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House approves unallotment reform bill

Betsy Sundquist//May 13, 2010

House approves unallotment reform bill

Betsy Sundquist//May 13, 2010

Lyndon Carlson
Lyndon Carlson

The Minnesota House this afternoon approved a bill that would substantially alter the authority of the governor to “unallot” funds from the general fund budget.

House members voted 87-43 to approve HF 2866, which would cap the amount that a governor could unallot at 2 percent of the general fund appropriations for the biennium. The bill also would limit the unallotment amount in a single general fund appropriation to 10 percent and would prohibit complete elimination of a program using unallotment.

The bill, authored by Rep. Lyndon Carlson, DFL-Crystal, gained momentum in the waning days of the 2010 legislative session after the Minnesota Supreme Court last week ruled that Gov. Tim Pawlenty’s unallotment of a $5.3 million program for low-income seniors was unconstitutional.

Though the high court didn’t specifically overturn all $2.7 million of the governor’s June 2009 unallotments, the implication was he had overstepped his authority on all the unallotments, not just the nutrition program.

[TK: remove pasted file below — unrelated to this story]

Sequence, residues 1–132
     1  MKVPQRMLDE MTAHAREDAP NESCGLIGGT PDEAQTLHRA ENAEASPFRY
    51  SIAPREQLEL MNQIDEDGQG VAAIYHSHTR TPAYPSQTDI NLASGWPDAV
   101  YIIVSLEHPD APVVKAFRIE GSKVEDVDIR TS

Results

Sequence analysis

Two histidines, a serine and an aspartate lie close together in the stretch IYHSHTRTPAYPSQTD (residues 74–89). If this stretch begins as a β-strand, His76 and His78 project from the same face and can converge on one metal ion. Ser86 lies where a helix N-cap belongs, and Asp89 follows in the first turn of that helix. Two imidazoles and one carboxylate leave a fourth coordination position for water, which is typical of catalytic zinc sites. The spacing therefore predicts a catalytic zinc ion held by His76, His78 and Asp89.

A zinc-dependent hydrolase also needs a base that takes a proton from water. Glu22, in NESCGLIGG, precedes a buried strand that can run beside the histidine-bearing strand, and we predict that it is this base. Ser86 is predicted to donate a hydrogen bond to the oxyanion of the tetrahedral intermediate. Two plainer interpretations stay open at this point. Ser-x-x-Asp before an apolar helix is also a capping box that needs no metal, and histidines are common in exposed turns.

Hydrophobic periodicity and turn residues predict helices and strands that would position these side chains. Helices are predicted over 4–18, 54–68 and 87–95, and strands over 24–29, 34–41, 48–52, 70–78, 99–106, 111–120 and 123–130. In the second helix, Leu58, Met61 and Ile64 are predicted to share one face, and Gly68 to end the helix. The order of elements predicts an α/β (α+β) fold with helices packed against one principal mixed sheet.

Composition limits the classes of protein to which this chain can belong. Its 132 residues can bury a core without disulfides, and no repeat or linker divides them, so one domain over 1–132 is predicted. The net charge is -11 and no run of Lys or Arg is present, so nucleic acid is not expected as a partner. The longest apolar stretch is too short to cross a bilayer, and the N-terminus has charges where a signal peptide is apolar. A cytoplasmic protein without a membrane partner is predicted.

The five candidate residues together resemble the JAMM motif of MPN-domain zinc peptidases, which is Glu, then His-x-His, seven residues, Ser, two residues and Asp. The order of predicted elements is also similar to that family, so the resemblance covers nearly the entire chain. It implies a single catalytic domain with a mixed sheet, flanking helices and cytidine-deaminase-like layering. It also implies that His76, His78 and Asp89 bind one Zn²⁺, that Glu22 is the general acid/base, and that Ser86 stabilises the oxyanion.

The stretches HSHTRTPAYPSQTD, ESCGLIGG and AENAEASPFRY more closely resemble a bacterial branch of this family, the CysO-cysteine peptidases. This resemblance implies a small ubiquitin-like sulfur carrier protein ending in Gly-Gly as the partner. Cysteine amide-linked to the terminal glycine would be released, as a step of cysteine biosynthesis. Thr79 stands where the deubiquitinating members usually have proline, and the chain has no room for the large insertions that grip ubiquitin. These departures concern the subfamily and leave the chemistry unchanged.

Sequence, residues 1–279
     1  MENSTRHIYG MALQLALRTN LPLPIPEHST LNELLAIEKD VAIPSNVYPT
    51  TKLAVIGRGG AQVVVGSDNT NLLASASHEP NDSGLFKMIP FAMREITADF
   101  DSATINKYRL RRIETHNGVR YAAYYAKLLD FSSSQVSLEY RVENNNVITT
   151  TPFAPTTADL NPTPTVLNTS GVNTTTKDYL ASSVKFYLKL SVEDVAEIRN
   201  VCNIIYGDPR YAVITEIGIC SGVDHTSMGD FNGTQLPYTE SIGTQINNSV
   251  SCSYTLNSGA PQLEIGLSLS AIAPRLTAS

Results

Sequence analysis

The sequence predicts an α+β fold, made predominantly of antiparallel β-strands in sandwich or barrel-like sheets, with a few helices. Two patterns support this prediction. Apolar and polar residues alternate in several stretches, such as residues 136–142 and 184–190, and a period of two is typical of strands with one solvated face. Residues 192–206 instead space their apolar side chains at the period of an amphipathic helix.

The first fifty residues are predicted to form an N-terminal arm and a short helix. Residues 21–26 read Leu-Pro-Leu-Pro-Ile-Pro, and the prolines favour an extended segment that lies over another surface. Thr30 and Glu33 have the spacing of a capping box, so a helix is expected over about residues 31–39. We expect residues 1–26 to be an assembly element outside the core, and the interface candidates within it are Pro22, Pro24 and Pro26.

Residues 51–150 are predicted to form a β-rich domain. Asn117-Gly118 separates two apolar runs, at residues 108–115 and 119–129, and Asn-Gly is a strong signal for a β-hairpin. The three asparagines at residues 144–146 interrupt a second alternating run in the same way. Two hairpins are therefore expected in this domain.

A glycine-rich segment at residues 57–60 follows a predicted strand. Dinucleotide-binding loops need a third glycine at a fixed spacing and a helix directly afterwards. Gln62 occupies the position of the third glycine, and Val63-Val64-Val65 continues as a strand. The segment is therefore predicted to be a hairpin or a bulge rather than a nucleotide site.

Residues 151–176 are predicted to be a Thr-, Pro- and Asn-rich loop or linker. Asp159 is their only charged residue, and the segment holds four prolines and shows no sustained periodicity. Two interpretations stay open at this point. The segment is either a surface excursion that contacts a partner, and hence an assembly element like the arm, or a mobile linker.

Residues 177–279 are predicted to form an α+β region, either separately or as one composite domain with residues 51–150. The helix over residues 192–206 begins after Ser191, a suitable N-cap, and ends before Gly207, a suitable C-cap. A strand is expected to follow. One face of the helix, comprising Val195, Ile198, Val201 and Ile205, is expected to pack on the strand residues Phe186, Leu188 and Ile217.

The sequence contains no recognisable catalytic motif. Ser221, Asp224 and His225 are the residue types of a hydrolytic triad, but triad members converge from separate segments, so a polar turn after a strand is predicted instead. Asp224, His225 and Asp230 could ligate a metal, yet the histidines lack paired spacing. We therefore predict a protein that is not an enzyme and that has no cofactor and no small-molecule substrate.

“Protecting the Constitution is not a partisan issue, and I would hope it doesn’t become one,” Carlson said in explaining the bill on the floor today.

Several House members, all Republicans, spoke out against Carlson’s bill. The main objection: If the governor isn’t allowed to unallot more than 2 percent of the budget, how will he or she guarantee a constitutionally mandated balanced state budget if the Legislature doesn’t approve one?

Rep. Paul Kohls, R-Victoria, called the bill “misguided.”

“Let’s assume that we have a governor who is very strong-willed who says he will not sign a tax increase,”  Kohls said. “And let’s assume we have a Legislature that insists on sending him tax increases. So we get to the end of the budget year, and we don’t have a balanced budget. What would this bill require the governor to do?”

Carlson said the bill stipulates that the unallotment limits would kick in only after the Legislature had passed a balanced budget.

Rep. Torrey Westrom, R-Elbow Lake, and Rep. Mark Buesgens, R-Jordan, also spoke out forcefully against the bill, saying that it would hamstring the executive branch of government in setting limits on the governor, and Rep. Marty Seifert, R-Marshall, called it the legislation “quite restrictive.”

Rep. Tony Sertich, DFL-Chisholm, urged members to approve the bill.

“Do you want one person making all these budget decisions, or do you think the ones you elected to come here and represent you should be the ones making the decisions?” he asked. “I think the governor should still have the ability to unallot in emergency situations, but what Rep. Carlson is trying to do is make sure that if it gets beyond a certain level, a balanced government makes these decisions. I think that’s appropriate.”

The Senate has yet to approve the unallotment reform legislation.

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